CIRCA School: Ionic Columns

by Jon Valalik (photo by New Jersey City University)

Grab your No. 2 pencils, everyone! It’s time for CIRCA School, where we uncover the fascinating facts behind everyone’s favorite old house details.
The ionic column is one of the most popular among all types of buildings in American architecture. It’s part of the larger Ionic order, which includes several other elements and guidelines, but the column itself, specifically its unique capital, is the most recognizable part.


The large Ionic scrolls of the Charles Pierce House. Photo courtesy of CIRCA.

According to Vitruvius, an ancient Roman architect and writer, the inspiration for the Ionic order were slender, feminine qualities. The volutes, or scroll-like ornament on either side of the column, along with carved festoons of fruit that sometimes appear between the scrolls, took the place of graceful, curling hair, while “the folds in the robes worn by matrons” inspired the flutes of the columns shaft.
The scrolls, “hanging down at the right and left like curly ringlets” as Vitruvius described them, are the defining feature of an Ionic column, and though there are guidelines regarding its parts and proportions, they are flexible. Builders and architects frequently modify and adjust certain aspects to fit into their designs, whether for artistic or budgetary reasons. One of the most well known alterations to the original Ionic capital was to shift the volutes at the corners of the capital to 45-degree angles. This slight modification appears in Rome at the Temple of Saturn, built in the 4th and 5th century BC, but was popularized by the Venetian architect Vincenzo Scamozzi during the Italian Renaissance. What appears between the scrolls can also differ from building to building, though most often it is some variation of an egg-and-dart pattern or festoon.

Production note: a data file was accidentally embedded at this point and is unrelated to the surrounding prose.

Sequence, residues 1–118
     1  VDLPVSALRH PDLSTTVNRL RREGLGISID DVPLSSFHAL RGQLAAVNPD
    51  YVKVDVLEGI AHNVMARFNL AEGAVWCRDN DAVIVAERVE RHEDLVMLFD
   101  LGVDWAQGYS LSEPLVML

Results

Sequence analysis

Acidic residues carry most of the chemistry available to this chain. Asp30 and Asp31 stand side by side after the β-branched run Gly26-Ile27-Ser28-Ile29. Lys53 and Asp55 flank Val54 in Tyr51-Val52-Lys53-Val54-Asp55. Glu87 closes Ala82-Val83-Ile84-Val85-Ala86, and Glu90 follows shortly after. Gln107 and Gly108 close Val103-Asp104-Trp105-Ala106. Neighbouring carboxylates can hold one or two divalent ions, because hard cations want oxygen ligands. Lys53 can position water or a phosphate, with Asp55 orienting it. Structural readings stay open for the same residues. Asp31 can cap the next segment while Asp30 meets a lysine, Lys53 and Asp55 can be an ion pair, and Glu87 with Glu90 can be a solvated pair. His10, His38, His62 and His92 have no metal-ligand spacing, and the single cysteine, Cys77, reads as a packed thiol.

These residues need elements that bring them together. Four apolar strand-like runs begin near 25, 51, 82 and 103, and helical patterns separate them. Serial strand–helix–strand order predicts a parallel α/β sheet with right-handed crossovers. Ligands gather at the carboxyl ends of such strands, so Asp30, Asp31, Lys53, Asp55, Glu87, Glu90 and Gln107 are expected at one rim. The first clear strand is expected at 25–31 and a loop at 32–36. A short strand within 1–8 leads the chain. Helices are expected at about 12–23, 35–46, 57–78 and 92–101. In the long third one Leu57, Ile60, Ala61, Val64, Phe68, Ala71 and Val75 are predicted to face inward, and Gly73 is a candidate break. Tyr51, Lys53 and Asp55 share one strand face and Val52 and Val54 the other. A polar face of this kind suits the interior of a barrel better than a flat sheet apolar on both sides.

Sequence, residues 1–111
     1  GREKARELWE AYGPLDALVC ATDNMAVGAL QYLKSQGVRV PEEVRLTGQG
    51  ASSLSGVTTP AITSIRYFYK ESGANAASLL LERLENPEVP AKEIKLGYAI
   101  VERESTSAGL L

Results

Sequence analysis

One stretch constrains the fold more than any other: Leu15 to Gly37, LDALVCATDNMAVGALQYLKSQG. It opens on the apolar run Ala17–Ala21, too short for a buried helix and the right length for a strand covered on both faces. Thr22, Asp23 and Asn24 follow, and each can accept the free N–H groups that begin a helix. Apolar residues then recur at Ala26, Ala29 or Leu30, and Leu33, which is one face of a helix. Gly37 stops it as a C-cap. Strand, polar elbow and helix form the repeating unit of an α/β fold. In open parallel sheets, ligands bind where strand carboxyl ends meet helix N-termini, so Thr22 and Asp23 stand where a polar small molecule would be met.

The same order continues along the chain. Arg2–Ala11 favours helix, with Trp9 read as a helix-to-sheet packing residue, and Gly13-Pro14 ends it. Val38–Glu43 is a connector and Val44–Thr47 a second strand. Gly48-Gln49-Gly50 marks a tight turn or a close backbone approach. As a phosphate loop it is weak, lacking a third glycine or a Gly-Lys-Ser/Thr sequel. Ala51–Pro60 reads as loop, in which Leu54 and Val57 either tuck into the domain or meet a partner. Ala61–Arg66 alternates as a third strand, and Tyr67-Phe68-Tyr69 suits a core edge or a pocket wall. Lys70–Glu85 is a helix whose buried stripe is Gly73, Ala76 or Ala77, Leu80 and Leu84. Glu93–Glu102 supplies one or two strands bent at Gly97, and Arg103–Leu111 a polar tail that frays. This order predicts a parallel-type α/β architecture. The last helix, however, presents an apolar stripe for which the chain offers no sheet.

ionic capitals

Ionic capitals with scrolls turned 45-degrees at a home in the Washington-Willow historic district of Fayetteville, AR. Photo Credit Brandonrush.

Ionic columns in American homes, like anywhere else, vary widely in ornament and intricacy. Early Ionic columns in the United States were often made of wood, and typically less ornate because of the lack of affordable skilled craftsmen. State capitols, museums, courthouses, and other types of public buildings are often home to Ionic columns as well, though they are typically of the large, extravagant, stone variety.
Ionic columns are a classical architectural element and their versatility has made them an ideal choice for architects and builders for thousands of years. They can be applied to any number of building types and when executed correctly they add a significant sense of style and refinement to a home.



Jon grew up in South Carolina and studied Historic Preservation and Community Planning at the College of Charleston. His time in Charleston sowed a deep appreciation for both classical and vernacular styles and the importance of their conservation. He is currently working in Charlotte, North Carolina and hopes to break into the field of architectural preservation soon.



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